Nicola Shaw and Kerry Short, are preparing to leave to
experience rural medicine abroad. Photo by Christine
Two University of Otago medical students, Nicola Shaw and
Kerry Short, have received $5000 scholarships to assist their
travel to Nepal, Ecuador, Zambia, and Tanzania next year.
The two fifth-year students are considering rural medical
careers and spent this year studying in Greymouth as part of
the university's Rural Medical Immersion Programme.
The Pat Farry Rural Health Education Trust Travelling
Scholarships will enable them to also immerse themselves in
rural medical programmes overseas.
The New Zealand programme was developed by the late Dr Farry,
a Queenstown GP and medical educationist, in 2007.
Dr Farry was the founding director of Otago University's Te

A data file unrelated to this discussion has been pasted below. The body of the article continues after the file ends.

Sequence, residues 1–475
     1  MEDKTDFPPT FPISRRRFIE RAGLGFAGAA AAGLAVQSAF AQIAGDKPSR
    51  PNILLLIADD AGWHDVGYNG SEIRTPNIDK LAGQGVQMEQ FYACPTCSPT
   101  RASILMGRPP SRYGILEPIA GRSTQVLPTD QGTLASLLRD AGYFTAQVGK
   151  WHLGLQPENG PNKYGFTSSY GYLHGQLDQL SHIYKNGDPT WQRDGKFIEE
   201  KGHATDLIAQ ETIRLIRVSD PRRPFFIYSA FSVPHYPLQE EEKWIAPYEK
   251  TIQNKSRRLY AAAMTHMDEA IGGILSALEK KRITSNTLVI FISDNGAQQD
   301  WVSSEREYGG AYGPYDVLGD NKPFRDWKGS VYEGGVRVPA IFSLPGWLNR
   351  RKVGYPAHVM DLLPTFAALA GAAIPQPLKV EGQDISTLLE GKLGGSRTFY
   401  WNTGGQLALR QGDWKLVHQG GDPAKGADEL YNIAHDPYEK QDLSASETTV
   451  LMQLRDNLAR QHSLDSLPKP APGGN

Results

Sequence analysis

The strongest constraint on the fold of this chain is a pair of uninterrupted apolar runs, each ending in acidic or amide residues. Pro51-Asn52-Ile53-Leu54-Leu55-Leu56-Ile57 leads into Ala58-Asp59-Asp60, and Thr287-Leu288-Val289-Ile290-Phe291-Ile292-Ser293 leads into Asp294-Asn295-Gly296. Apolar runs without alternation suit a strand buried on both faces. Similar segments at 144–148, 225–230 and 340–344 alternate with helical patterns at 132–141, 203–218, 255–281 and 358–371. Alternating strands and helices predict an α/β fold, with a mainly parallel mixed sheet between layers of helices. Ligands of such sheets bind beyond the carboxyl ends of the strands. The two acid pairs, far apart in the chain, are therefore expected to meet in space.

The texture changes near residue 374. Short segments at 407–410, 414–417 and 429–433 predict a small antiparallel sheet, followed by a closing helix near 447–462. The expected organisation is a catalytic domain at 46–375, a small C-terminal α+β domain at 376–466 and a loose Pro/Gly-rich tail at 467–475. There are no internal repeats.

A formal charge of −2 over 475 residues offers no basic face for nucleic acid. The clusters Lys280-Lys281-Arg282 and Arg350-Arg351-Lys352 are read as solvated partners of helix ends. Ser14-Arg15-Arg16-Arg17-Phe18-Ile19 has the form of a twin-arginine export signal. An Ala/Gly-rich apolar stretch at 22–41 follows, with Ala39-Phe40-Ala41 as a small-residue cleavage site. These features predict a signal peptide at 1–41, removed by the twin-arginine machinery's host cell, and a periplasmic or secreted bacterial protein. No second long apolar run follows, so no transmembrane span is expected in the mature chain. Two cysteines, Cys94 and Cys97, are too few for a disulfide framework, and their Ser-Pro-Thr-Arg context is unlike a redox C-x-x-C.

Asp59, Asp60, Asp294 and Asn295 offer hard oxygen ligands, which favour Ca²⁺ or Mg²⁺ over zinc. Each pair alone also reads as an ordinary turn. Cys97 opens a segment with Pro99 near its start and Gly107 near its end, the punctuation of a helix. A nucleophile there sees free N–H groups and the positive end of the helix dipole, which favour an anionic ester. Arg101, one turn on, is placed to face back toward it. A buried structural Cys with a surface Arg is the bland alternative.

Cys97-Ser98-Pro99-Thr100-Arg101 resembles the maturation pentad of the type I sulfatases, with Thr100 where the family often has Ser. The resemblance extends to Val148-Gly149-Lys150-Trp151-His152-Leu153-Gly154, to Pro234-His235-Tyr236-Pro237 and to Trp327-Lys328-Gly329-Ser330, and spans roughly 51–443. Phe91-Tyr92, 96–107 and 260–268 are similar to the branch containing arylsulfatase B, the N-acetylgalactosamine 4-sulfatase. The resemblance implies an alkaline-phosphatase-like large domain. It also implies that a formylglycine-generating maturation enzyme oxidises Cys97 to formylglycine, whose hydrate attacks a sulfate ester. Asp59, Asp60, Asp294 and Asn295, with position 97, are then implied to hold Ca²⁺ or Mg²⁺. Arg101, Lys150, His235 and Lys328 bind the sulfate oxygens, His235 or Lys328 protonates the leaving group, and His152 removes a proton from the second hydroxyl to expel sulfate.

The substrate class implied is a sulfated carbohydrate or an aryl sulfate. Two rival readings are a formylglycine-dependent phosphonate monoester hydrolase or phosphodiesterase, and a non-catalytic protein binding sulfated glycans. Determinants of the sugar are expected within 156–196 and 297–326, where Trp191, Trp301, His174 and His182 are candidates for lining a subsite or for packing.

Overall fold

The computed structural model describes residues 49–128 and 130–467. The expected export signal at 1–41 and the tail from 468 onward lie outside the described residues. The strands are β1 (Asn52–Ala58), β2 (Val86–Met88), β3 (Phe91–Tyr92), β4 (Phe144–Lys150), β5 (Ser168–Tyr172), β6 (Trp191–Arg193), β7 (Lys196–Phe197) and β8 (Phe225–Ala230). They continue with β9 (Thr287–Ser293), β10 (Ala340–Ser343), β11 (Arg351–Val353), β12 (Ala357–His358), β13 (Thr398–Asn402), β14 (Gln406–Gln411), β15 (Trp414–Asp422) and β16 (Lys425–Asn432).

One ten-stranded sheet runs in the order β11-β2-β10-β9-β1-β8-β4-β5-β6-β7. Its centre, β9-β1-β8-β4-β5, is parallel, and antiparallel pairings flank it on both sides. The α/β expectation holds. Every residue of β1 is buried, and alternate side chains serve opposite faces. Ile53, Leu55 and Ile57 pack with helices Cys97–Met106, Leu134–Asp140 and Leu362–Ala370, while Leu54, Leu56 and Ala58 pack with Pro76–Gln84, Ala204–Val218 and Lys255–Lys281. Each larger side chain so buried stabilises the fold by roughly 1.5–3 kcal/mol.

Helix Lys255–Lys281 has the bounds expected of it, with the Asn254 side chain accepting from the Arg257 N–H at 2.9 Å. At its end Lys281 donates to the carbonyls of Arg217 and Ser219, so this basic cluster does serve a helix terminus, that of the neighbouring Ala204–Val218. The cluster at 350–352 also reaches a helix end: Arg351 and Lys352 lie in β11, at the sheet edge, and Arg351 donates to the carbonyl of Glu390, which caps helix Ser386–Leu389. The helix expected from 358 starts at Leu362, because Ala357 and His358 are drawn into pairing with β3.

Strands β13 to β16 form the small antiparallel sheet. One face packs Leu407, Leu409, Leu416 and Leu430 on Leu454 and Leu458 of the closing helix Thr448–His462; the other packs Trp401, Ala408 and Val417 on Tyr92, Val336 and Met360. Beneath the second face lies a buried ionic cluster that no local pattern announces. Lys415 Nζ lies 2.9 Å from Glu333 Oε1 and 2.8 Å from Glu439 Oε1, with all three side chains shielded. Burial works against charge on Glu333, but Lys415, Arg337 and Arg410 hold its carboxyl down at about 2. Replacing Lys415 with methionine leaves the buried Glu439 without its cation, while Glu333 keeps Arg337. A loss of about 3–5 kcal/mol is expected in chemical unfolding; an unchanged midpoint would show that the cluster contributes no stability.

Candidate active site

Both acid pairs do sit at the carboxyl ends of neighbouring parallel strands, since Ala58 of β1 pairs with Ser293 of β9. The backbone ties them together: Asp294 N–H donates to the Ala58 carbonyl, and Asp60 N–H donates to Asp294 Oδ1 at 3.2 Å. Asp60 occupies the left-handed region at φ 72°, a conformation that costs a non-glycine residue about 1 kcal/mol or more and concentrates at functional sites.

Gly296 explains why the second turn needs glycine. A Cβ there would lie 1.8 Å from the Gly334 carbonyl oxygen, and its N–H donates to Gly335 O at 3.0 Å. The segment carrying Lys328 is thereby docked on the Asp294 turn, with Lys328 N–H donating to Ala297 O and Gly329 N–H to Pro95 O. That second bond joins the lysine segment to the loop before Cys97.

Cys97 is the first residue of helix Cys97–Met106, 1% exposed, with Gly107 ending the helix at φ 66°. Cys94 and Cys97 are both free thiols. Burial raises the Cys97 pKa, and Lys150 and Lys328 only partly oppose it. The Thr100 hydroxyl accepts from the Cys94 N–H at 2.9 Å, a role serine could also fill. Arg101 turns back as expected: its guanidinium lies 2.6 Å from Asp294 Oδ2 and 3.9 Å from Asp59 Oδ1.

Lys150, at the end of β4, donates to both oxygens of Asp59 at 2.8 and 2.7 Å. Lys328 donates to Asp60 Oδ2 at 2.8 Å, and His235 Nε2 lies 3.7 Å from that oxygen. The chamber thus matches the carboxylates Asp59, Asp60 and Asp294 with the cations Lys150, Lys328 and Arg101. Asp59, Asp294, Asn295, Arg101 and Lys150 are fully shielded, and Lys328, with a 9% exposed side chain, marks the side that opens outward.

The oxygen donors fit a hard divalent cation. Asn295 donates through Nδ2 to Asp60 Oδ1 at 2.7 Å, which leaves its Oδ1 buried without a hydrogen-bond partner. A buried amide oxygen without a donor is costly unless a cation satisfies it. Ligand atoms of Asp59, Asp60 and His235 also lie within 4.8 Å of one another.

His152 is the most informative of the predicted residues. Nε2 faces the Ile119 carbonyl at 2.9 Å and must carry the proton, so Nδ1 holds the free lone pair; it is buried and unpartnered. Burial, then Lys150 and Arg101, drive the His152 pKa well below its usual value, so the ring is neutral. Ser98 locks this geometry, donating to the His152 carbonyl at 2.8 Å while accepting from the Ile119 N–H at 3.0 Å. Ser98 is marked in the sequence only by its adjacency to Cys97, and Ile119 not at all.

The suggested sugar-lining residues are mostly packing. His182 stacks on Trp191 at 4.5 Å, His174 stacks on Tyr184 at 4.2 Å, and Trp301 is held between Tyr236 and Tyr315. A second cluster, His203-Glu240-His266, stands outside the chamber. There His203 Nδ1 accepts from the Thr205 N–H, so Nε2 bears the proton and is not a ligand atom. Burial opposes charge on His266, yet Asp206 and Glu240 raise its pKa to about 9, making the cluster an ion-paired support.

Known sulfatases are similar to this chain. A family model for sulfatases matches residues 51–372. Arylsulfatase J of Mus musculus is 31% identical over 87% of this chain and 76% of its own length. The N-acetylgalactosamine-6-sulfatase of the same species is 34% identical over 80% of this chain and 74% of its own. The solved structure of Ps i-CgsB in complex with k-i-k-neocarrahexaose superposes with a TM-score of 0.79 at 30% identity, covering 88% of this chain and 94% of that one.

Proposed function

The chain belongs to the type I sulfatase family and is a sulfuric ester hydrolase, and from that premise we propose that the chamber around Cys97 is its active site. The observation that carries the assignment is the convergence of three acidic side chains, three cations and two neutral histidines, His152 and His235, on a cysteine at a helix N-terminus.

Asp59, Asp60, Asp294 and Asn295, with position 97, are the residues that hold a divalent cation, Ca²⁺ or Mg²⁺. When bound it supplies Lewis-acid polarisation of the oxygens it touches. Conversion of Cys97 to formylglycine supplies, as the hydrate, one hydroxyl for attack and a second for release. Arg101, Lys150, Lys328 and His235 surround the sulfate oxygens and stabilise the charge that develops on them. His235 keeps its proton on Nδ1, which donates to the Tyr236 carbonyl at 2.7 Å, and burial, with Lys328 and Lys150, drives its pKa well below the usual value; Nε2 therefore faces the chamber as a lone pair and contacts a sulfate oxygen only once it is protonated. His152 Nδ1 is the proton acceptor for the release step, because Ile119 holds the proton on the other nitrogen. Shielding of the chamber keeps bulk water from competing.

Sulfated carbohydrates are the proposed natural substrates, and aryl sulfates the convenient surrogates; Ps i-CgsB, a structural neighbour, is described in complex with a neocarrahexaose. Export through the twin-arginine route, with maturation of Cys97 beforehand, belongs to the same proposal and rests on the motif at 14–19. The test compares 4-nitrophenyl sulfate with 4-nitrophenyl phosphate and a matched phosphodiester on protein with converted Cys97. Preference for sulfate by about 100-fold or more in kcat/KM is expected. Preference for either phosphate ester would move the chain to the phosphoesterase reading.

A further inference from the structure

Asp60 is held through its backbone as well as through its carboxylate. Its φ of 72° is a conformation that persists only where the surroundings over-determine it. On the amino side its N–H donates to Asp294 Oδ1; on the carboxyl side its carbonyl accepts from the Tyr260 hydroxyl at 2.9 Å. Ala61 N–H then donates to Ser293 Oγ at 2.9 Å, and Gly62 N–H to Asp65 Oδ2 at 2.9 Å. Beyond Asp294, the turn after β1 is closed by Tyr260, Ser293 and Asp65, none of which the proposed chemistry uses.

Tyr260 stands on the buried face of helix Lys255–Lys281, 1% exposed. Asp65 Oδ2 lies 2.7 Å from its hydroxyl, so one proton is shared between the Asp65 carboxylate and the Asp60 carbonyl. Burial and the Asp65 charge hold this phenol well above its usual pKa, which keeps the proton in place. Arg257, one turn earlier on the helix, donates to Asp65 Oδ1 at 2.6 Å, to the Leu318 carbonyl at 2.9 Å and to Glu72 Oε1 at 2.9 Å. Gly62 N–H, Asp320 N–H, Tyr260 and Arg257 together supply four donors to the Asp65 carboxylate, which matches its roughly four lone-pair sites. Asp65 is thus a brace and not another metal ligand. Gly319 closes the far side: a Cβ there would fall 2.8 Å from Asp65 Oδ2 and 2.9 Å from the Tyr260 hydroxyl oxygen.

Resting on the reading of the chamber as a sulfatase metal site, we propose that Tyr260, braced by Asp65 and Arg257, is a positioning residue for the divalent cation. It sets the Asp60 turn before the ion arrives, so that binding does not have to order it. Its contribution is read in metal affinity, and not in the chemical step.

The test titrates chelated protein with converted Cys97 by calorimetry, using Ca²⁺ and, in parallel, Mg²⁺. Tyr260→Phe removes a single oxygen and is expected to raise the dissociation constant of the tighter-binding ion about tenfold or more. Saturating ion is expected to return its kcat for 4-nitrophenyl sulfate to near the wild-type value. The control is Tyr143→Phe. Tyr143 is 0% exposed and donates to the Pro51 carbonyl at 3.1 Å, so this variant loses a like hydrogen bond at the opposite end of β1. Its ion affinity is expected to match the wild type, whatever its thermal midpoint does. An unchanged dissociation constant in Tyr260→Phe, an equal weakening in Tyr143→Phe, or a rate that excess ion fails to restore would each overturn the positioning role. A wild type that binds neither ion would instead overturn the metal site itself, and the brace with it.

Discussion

Waipounamu Rural Health Unit for the education of rural
doctors, and founded the Matagouri Club for undergraduate
students who were interested in rural medicine.
Trust chairman John Farry said the scholarships aimed to help
young people to "spend valuable time in innovative and
challenging overseas situations", and to later become "the
new generation of idea generators" in New Zealand.
The education trust was established in 2010 to support the
sustainability and quality of health services to rural
Ms Short departs later this month for Nepal where she will
join a travelling rural clinic-based programme called "Hope
and Home Nepal".
On Christmas Eve she will arrive in Zambia, Africa, to begin
a six-week placement at the St Francis Hospital, a small base
hospital serving a large rural population.
She is a keen pilot and, during her Zambian visit, has also
arranged to join the Flying Medical Service in Tanzania for
Ms Shaw will travel to Ecuador in late February, joining a
mobile surgical bus operated by the Cinterandes Foundation
for five weeks.
She will then also travel to the St Francis Hospital in